SPREAD OF CBE INNOVATIONS IN NETWORKS
ABOUT THE STUDY
While bottom-up change driven through networks is accepted as more effective than top-down initiatives, research is limited on how networks enable the spread of new practices in higher education.
Focused on postsecondary competency-based education (CBE), this research is an exploration of:
- How inter-organizational relationships and social capital influence the adoption/adaptation of new CBE practices at institutions; and,
- The role of network organizations in growing relationships and supporting the implementation of new practices.
Social network analysis (SNA) is applied to understand how inter-organizational relationships across the Competency-Based Education Network (C-BEN) relate to the implementation of new CBE models and practices (i.e., innovations).
KEY ASPECTS OF THE STUDY
MIXED METHODS, MULTIPLE DATA SOURCES
Quantitative and qualitative methods are combined for multiple perspectives and allowing holistic evaluation of results.
A variety of data sources are used to paint a detailed portrait of social relationships linked to CBE models and practices.
Social network analysis (SNA) serves as the theoretical and methodological foundation for the research.
Network leadership theories drawn from complexity science, SNA, and distributed/collective leadership literature are also engaged to explore knowledge transfer and implementation processes in organizations.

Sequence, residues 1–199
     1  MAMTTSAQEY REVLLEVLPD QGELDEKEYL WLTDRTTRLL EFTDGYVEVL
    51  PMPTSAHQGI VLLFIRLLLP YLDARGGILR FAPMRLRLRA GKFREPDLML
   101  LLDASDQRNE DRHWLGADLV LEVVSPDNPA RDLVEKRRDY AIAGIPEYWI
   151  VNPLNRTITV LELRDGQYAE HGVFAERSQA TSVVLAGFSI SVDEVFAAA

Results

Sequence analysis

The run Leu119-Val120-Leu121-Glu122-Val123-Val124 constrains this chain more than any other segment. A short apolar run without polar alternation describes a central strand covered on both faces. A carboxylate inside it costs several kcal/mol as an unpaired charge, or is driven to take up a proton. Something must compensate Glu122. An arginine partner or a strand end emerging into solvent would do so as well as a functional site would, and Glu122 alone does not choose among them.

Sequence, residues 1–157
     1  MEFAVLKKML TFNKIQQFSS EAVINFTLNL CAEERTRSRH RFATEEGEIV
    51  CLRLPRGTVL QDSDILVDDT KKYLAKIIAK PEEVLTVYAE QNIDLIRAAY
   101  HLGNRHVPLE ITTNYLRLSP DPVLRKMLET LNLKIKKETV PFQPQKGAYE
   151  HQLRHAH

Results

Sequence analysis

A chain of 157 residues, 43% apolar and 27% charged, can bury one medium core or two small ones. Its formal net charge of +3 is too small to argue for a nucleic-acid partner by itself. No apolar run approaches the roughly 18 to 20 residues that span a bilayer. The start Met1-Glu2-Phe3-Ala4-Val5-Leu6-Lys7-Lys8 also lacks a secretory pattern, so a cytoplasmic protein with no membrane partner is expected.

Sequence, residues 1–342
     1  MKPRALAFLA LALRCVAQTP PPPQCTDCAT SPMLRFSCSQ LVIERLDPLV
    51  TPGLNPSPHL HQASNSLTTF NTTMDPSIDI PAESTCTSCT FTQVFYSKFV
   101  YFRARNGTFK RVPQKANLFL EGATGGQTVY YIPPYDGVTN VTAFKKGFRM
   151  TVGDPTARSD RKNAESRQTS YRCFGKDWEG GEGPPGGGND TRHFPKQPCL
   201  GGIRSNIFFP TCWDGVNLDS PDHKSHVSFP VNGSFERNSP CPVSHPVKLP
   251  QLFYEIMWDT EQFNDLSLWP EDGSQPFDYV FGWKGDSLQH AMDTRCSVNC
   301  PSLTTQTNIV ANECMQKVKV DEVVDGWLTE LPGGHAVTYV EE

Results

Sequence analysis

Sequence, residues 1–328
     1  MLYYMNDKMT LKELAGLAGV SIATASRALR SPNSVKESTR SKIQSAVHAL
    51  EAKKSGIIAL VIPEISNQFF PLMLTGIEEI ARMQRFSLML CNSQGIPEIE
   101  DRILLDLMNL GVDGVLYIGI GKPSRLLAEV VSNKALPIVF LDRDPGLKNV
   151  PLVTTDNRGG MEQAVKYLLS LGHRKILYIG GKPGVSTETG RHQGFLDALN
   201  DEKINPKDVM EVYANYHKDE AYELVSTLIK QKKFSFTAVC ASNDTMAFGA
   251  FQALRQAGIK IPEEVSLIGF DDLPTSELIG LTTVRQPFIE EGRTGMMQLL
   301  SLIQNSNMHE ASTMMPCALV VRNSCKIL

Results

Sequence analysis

Goals for the research include actionable insights for CBE policymakers, funders, and practitioners. These will be shared in reports and online visualizations designed for broad audiences.
ABOUT THE RESEARCH PROJECT
This study represents the dissertation research for Bruce Haupt, a PhD candidate at the University of Kentucky. Bruce is enrolled in the Department of Educational Leadership in UK’s College of Education. The Chairperson for his doctoral committee is Dr. John Nash. The committee also includes Dr. Lars Bjork, Dr. Beth Rous, and Dr. Ajay Mehra.
This research extends a 2018 pilot study of collaborative interactions among actors in the CBE inter-organizational network with data drawn from publicly available online sources (e.g., CBE conference presentations with multiple presenters, CBE co-authored publications, and CBE board and committee memberships). An interactive visualization of the study data (built for a separate class project) can be found here.
The research is part of the National Research Collaborative for Competency-Based Education/Learning administered by the American Institutes for Research (AIR) and funded by the Lumina Foundation. This dissertation project is also supported by the National Academy of Education and Spencer Foundation through the NAEd/Spencer Dissertation Fellowship.